|6 ft 2 in (1.88 m)|
205 lb (93 kg)
Toronto Maple Leafs
New Jersey Devils
St. Louis Blues
|Born||March 30, 1964,|
Cleveland, OH, U.S.
|NHL Draft||75th overall, 1982|
|Pro Career||1984 – 2000|
David John George Ellett (born March 30, 1964, in Cleveland, Ohio, United States) is a retired Canadian professional ice hockey defenseman who played in the NHL for 16 seasons. He was born in Cleveland because his father, Bob, was a minor-league hockey player playing for the Cleveland Barons of the AHL.
Ellett was drafted 75th overall by the Winnipeg Jets in the 1982 NHL Entry Draft and then played the next two seasons after that at Bowling Green State University. In Ellett's second (and final) season at BGSU (1983–84), the Falcons won the NCAA Championship. When Ellett joined the Jets in 1984, he was a solid defenseman right away, scoring 38 points and garnering a +20 plus/minus rating. He became part of a solid Jets nucleus in the mid-to-late 80's that had the misfortune of playing in the same division as the dominant Edmonton Oilers and Calgary Flames. As a result, Ellett did not garner very much late-round playoff experience with the Jets.
In the middle of the 1990–91 season, Ellett was traded to the Toronto Maple Leafs with Paul Fenton for Ed Olczyk and Mark Osborne. It was with the Leafs that Ellett transitioned from an offensive defenseman into a solid two-way rearguard. He was an integral part to the Leafs clubs of 1993 and 1994 that reached the Conference Finals.
Ellett was traded to the New Jersey Devils with Doug Gilmour in the 1996–97 season, but only played with the club until the end of the season. He then played with the Boston Bruins for two years and then the St. Louis Blues for a year before retiring. He played his 1000th career game with Boston on March 1, 1998, against the New York Islanders. He retired in 2000.
In 1989 Ellett was the subject of controversy when he decided to play for Team Canada in the World Championships. Bob Johnson, coach of the American team, complained that Ellett had to play for the United States because of his birthplace and because he attended Team USA's training camp for the 1987 Canada Cup. But in actuality, Ellett was allowed to play for Team Canada because he never actually played for the USA internationally.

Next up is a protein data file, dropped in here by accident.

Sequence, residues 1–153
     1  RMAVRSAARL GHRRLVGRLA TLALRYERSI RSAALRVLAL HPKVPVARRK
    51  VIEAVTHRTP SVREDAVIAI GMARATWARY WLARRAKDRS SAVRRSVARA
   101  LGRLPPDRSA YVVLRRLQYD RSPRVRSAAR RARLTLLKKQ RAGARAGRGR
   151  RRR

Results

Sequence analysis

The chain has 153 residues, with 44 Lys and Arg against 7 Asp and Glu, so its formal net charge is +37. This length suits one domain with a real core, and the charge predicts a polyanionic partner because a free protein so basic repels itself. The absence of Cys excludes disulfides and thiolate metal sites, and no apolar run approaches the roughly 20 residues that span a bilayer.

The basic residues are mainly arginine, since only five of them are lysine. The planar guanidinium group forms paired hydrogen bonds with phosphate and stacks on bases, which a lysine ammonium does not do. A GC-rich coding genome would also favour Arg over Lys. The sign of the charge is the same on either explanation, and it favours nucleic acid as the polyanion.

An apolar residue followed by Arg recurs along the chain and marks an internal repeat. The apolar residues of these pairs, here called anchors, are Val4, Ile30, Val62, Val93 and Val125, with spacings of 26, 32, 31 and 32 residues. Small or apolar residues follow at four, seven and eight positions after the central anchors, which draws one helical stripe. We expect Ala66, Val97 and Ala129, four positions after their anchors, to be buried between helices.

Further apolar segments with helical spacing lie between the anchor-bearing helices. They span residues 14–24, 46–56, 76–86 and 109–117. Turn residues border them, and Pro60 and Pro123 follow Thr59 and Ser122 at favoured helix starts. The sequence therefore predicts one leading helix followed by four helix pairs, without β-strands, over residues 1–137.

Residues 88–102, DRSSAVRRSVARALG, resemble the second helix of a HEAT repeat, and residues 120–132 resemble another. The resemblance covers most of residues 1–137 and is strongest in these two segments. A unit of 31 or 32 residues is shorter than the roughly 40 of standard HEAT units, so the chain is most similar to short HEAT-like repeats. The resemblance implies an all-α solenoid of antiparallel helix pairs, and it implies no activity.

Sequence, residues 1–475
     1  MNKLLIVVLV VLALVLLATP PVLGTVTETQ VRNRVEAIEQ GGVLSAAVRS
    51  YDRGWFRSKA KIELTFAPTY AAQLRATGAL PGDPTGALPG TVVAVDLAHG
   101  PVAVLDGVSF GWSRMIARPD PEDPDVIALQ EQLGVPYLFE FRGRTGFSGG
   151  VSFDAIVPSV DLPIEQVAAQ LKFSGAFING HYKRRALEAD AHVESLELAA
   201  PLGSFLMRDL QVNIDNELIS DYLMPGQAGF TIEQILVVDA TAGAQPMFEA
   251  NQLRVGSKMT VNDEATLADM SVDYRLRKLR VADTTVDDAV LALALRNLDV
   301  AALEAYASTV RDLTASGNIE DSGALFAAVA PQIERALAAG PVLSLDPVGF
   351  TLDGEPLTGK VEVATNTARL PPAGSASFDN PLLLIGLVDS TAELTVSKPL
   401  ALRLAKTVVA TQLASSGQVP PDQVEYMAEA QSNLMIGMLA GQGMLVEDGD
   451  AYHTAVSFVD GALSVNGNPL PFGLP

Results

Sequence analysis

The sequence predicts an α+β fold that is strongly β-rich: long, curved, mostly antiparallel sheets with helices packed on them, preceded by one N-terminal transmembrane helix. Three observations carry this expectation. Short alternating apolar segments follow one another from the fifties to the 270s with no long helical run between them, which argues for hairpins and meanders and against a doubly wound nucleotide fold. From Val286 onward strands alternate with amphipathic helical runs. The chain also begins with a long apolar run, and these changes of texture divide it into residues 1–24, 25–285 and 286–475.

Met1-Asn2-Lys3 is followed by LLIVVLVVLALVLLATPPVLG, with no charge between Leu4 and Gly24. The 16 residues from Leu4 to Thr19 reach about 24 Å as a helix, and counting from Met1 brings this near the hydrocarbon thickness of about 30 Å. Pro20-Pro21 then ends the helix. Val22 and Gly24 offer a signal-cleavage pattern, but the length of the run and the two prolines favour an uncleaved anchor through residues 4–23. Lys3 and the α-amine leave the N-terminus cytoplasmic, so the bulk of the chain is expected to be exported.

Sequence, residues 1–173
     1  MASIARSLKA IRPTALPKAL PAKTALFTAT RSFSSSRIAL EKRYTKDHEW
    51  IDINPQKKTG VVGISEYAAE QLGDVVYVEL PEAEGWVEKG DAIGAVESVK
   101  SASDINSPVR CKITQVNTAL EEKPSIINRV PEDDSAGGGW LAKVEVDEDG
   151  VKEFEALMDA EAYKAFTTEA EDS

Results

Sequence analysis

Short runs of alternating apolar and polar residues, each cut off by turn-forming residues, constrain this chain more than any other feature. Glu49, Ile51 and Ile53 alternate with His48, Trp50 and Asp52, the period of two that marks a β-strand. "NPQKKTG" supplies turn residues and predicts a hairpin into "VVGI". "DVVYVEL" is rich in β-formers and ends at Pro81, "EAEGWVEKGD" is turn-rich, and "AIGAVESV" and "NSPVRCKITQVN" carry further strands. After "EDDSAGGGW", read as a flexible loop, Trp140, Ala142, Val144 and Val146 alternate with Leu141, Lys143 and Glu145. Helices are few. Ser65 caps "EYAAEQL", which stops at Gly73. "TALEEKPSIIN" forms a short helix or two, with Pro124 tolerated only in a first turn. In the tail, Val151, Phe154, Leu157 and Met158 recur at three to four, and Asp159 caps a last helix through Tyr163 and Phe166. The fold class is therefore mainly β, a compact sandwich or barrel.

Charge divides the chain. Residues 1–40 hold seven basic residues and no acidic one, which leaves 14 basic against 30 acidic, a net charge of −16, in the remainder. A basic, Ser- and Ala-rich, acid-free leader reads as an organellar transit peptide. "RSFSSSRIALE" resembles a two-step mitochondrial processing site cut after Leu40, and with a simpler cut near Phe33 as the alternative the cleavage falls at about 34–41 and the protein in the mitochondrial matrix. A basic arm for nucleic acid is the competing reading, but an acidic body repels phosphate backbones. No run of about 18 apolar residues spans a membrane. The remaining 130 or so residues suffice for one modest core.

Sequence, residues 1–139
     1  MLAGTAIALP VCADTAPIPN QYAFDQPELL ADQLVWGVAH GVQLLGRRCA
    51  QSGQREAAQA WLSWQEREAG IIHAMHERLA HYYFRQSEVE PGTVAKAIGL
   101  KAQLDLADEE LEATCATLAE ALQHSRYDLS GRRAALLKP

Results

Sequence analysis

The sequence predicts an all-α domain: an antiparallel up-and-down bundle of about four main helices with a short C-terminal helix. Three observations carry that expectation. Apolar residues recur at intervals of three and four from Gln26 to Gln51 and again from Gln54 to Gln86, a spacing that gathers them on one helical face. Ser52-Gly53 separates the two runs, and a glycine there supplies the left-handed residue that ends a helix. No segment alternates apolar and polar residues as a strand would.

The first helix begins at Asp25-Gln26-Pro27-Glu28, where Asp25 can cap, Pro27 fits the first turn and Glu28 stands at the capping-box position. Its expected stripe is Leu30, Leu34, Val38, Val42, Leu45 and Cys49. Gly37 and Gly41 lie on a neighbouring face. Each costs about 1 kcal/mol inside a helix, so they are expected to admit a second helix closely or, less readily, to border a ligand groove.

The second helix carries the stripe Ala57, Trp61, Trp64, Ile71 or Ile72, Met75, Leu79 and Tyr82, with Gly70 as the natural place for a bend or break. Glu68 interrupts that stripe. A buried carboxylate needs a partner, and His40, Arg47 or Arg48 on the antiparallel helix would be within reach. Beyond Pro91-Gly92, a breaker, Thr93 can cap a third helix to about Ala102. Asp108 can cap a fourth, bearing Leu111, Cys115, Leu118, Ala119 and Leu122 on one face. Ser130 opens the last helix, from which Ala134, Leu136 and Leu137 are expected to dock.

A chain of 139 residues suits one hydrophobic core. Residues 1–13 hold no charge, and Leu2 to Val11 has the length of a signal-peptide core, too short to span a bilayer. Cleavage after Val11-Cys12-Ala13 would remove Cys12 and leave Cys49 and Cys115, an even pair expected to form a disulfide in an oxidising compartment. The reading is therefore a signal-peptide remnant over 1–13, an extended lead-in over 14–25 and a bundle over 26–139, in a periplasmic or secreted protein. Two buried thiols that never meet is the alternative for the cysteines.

Ellett was part of one of Wayne Gretzky's most-remembered goals. In Game 7 of the 1993 Campbell Conference Finals between the Leafs and the Los Angeles Kings, Gretzky scored a hat trick. He scored his third goal from behind the net by banking it off Ellett's skate and past the Toronto goaltender, Félix Potvin. Ellett returned the favor by scoring for Toronto with just over a minute remaining, but Los Angeles hung on to win the game and go to the Stanley Cup Finals against Montreal.
- Named to the CCHA Second All-Star Team (1984)
- Named to the NCAA All-Tournament Team (1984)
- Played in the NHL All-Star Game (1989, 1992)
- Most points by a Toronto Maple Leafs defenseman in a playoff year (18 in 1994)
- Most assists by a Toronto Maple Leafs defenseman in a playoff year (15 in 1994)
|1990–91||Toronto Maple Leafs||NHL||60||8||30||38||69||-||-||-||-||-|
|1991–92||Toronto Maple Leafs||NHL||79||18||33||51||95||-||-||-||-||-|
|1992–93||Toronto Maple Leafs||NHL||70||6||34||40||46||21||4||8||12||8|
|1993–94||Toronto Maple Leafs||NHL||68||7||36||43||42||18||3||15||18||31|
|1994–95||Toronto Maple Leafs||NHL||33||5||10||15||26||7||0||2||2||0|
|1995–96||Toronto Maple Leafs||NHL||80||3||19||22||59||6||0||0||0||4|
|1996–97||Toronto Maple Leafs||NHL||56||4||1||14||34||-||-||-||-||-|
|1996–97||New Jersey Devils||NHL||20||2||5||7||6||10||0||3||3||10|
|1999–00||St. Louis Blues||NHL||52||2||8||10||12||7||0||1||1||2|
|16 seasons||NHL career||1129||153||415||568||985||116||11||46||57||87|
- Attended training camp for USA at 1987 Canada Cup, but did not play.
- Played for Canada at the 1989 World Championships.
|This page uses content from Wikipedia. The original article was at Dave Ellett. The list of authors can be seen in the page history. As with Ice Hockey Wiki, the text of Wikipedia is available under the Creative Commons Attribution-Share Alike License 3.0 (Unported) (CC-BY-SA).|
[Category:Retired in 2000]]